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Tax Intelligence

Puerto Rico Tax Exemptions Acts

In an attempt to stimulate domestic economic growth, the government of Puerto Rico enacted two laws (in 2012) that provide generous tax incentives for individuals and businesses. While such Acts are not unusual for smaller island states, these two Acts are unique in that they potentially provide US citizens with a significant tax advantage.

The general rule is that all U.S. citizens are ordinarily subject to US tax on their worldwide income and gains – irrespective of where they live.  Thus, for example, a US citizen that has been living and working in the UK (and thus paying UK taxes on their income) is also required to continue to file US tax returns on a similar basis.  This requirement of US tax law is unique.

The attraction of the new Puerto Rican rules for high net worth US citizens is Puerto Rico’s constitutional status as regards the US.  Puerto Rico is a commonwealth of the US (but not, constitutionally a US state) and thus enjoys a certain local autonomy.  As such, it is possible for Puerto Rico to have a separate Constitution (and flag) despite being subject to the purview of the American Congress.  Of most relevance for present purposes is that Section 933 of the US Internal Revenue Code (IRC) provides that Puerto Rican residents are not subject to US federal tax on their income generated in Puerto Rico.

The two laws the Puerto Rican government is actively promoting are Act No.20 (Export Services Act for businesses) and Act No.22 (Individual Investors Act).  US citizens who become residents of Puerto Rico (and who would then be liable to Puerto Rican tax only on local source income) will be entitled to the benefits of Act No.22 (described below).  The result is that, when combined with the section 933 IRC exemptions, Act No.22 allows a 100% tax exemption on all interest, all dividends and all long-term capital gains to US citizens (for their Puerto Rico source income) who become bona-fide residents of Puerto Rico.

Prior to the passing of these two new Acts, it was almost impossible for a US citizen to take advantage of inpatriate regimes (i.e. tax incentives offered by countries to attract highly skilled individuals) because of the requirement to file a US tax return on a worldwide basis.  Traditionally, expatriation (i.e. giving up US citizenship) was the only (drastic) measure US citizens could adopt to remove themselves from the scope of US tax.  However the passage of Act 22 and Puerto Rico’s unique constitutional status with the US means that expatriation is not the only option for US citizens seeking to reduce their tax liability.  The only real barrier to entry is that individuals will have to live in Puerto Rico.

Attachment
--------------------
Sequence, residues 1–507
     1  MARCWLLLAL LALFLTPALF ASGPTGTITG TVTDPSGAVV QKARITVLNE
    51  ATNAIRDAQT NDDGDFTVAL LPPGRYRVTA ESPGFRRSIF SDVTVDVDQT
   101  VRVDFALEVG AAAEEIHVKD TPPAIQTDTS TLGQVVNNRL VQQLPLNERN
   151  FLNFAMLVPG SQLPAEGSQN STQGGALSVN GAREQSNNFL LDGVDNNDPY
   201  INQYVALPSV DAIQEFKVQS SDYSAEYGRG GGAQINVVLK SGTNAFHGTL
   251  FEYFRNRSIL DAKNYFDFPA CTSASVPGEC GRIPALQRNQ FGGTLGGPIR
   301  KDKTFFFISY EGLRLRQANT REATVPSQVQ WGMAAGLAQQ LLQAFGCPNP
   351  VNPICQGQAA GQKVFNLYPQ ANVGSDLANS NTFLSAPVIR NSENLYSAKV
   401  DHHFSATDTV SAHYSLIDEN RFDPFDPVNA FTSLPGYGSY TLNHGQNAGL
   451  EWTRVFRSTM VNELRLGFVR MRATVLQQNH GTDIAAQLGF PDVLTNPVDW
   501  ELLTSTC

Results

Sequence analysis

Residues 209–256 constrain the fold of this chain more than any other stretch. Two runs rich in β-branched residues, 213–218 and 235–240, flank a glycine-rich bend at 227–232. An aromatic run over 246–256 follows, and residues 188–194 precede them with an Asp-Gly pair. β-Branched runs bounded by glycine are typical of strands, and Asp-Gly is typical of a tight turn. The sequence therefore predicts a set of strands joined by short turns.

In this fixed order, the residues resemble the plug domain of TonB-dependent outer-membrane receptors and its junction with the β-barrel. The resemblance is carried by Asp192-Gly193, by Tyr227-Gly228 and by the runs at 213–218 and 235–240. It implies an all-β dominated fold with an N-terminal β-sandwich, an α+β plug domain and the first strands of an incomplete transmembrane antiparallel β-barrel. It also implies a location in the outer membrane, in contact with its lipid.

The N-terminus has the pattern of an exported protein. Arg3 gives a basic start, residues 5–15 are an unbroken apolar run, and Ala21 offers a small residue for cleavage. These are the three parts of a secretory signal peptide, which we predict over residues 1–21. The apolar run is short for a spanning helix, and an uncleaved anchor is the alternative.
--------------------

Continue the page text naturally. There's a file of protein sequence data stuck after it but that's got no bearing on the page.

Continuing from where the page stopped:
Act No.22

The Individual Investors Act provides tax exemptions to eligible individuals residing in Puerto Rico. The individuals will not qualify if they were resident in Puerto Rico at any time during the 15-year period preceding the enactment of the Act on 12 January 2012.

By definition, a bona-fide resident of Puerto Rico is a person who:

  1.  is present for at least 183 days during the taxable year in Puerto Rico; and
  2.  does not have a tax home outside of Puerto Rico during the taxable year. A tax home is taken to be the individual’s regular or main place of business, employment, or post of duty regardless of where the family home is maintained; and
  3. does not have a closer connection to the US or a foreign country than to Puerto Rico. A closer connection is determined by a variety of factors including, but not limited to, the location of the individual’s permanent home, family, personal belongings and voting district.